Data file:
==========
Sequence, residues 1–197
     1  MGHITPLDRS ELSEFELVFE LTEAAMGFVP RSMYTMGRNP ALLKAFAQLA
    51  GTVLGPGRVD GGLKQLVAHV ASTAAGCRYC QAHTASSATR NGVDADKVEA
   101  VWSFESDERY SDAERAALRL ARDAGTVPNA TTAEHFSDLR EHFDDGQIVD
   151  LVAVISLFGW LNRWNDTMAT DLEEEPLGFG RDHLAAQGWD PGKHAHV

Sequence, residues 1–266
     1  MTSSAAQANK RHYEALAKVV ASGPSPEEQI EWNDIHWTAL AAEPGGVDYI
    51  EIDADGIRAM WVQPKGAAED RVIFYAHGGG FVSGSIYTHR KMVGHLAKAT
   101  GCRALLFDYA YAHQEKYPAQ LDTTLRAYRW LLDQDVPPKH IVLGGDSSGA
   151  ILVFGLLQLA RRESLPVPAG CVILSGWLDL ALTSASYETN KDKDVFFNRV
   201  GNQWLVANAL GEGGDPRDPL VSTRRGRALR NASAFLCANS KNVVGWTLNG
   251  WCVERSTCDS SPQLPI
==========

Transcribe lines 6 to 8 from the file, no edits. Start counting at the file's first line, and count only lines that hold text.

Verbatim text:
Sequence, residues 1–266
     1  MTSSAAQANK RHYEALAKVV ASGPSPEEQI EWNDIHWTAL AAEPGGVDYI
    51  EIDADGIRAM WVQPKGAAED RVIFYAHGGG FVSGSIYTHR KMVGHLAKAT